Lynne Plambeck | Noticing a Lot of Aircraft Noise Lately in SCV?

Share on facebook
Share
Share on twitter
Tweet
Share on email
Email

If you live in the south Santa Clarita Valley, you may have noticed an increase in noise from jet and propeller planes. It’s not your imagination. 

The FAA has instituted a new flight program called “NextGen,” which allows more flights to land and take off at Burbank and Van Nuys airports. The new tracking system allows these planes to fly lower and closer together. It also changed the flight patterns so that flights are now routed directly over neighborhoods in the south Santa Clarita Valley and through the Newhall Pass instead of coming in over the industrial center and Santa Susanna mountains. 

The result? 

A veritable freeway of airplane noise and pollution over our once-quiet neighborhoods.

Apparently, this all began to happen a few years ago for folks in the San Fernando Valley, and even earlier for others elsewhere in the U.S. The flight patterns apparently only changed in the SCV around last September or October, and then with all the firefighting aircraft needed to stop the Tick Fire, people didn’t really notice the added noise until December. 

So, the San Fernando Valley residents are way ahead of us in presenting their issues. These changes were made by the FAA without adequate public input or noise mapping. The noise is especially bad on high-travel days of Monday and Thursday when planes come in and take off one after each other and the noise is constant for several hours in the morning and evening. 

Quiet skies groups are popping up all over the U.S. to address similar issues in their communities.

Some 500 residents attended the January task force meeting in Burbank with the FAA to complain about the noise and vibrations from the new flight patterns and increased flights over their once-quiet neighborhoods. 

They related horror stories of children no longer being able to hear their teachers in school and the anxiety of being awakened by jet noise at night when recalcitrant airlines don’t abide by the “quiet hours” rule. 

These residents are demanding that the FAA do adequate noise analysis to determine the real impact on their neighborhoods and return to the old flight patterns. The city of Los Angeles has filed litigation to force additional review.

Santa Clarita for Quiet Skies (https://www.santaclaritaforquietskies.org/), a new group that has formed to address these issues, thinks our valley needs to be included in these new studies.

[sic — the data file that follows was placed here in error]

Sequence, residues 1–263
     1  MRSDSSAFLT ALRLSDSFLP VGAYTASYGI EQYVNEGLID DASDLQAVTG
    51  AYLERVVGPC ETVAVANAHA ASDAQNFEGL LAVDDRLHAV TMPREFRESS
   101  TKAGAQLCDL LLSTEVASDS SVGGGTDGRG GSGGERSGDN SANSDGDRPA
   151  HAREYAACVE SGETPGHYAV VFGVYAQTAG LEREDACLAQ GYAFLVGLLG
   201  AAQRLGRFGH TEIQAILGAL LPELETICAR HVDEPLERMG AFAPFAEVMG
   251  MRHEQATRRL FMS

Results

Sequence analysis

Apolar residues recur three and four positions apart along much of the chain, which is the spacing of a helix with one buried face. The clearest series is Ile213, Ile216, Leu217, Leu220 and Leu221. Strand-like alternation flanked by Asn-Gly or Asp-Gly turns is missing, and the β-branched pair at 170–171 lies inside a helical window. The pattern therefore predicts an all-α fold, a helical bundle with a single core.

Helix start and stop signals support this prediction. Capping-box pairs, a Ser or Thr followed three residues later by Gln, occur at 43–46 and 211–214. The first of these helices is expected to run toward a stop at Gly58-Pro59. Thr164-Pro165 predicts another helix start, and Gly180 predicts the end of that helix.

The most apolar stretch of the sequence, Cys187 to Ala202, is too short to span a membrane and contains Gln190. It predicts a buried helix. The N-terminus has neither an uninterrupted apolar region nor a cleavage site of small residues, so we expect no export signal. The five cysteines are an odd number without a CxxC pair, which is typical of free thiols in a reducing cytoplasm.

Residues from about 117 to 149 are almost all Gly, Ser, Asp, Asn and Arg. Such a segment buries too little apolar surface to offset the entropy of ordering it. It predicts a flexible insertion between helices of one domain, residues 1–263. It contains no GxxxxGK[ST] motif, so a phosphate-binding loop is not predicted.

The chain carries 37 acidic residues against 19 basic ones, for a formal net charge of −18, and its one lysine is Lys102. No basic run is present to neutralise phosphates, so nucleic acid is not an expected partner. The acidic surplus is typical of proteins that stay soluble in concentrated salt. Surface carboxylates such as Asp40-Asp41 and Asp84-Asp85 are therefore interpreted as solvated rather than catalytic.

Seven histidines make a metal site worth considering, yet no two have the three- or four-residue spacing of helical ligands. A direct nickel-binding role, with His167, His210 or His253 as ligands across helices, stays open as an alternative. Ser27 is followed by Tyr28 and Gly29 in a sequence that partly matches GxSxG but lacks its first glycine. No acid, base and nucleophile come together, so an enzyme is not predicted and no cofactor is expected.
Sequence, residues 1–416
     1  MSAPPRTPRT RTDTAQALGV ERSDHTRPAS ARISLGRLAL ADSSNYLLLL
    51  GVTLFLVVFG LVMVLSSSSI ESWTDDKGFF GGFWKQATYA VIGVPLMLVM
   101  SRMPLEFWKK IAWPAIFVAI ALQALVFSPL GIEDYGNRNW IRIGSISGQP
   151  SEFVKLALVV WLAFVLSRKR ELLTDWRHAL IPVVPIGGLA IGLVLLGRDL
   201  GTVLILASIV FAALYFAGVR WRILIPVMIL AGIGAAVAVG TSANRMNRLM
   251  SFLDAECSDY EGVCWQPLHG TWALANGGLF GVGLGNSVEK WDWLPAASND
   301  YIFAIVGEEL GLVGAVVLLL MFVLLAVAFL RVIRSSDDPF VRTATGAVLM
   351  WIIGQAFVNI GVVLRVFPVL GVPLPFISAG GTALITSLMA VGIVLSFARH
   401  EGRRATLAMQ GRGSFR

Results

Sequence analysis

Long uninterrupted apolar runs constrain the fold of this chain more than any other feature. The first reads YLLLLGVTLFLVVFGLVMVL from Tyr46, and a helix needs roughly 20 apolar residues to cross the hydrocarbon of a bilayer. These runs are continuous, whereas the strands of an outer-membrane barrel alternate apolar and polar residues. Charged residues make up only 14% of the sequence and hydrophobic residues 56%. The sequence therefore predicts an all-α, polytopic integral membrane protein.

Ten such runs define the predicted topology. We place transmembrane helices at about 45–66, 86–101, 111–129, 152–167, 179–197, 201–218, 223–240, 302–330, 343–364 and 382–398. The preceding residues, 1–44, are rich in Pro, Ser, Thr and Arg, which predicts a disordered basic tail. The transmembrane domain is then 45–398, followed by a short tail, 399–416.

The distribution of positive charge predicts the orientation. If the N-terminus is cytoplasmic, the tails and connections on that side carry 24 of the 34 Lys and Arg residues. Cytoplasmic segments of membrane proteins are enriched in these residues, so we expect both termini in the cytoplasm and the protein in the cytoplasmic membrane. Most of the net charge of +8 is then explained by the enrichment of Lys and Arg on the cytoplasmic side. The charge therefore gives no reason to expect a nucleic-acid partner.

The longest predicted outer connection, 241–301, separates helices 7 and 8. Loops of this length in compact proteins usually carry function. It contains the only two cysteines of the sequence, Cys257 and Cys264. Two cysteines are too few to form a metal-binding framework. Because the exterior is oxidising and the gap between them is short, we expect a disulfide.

Apparently, no one anticipated the noise increases in our valley, and we were not even included in the noise contour modeling.

But it’s not just the noise, it’s the added air pollution from jets and propeller aircraft flying immediately over residential neighborhoods. And what about the danger of malfunction where jet fuel must be dumped, and ends up on local school playgrounds dousing the children? 

This recently happened when a Delta flight dumped its fuel near LAX. If that plane had been higher, as it might have been with the old flight pattern, perhaps the spray would have dissipated before landing on the school children.

All this is being done to accommodate more jet flights. The increased number of flights is by far the greatest cause of the problem. 

But wait, isn’t jet travel a big source of the greenhouse gas pollution that causes climate change? 

When I brought this question up to one of the city of Los Angeles task force representatives, I was told “That’s capitalism. There’s no way we can ask the airlines to go back to the previous fewer number of flights.”

And that’s exactly what worries me about all the supposed plans to address climate change. When the “rubber meets the road” (or the tarmac), will anyone ever take the needed actions to reduce climate change in the face of the corporate mandate to make more and more money, even if it means possibly making our planet unlivable? 

It seems the answer is no. 

Will they ever take the residents’ quality of life into consideration over corporate profits? 

What do you think?

Lynne Plambeck is president of the Santa Clarita Organization for Planning and the Environment.

Advertisement

Related To This Story

Latest NEWS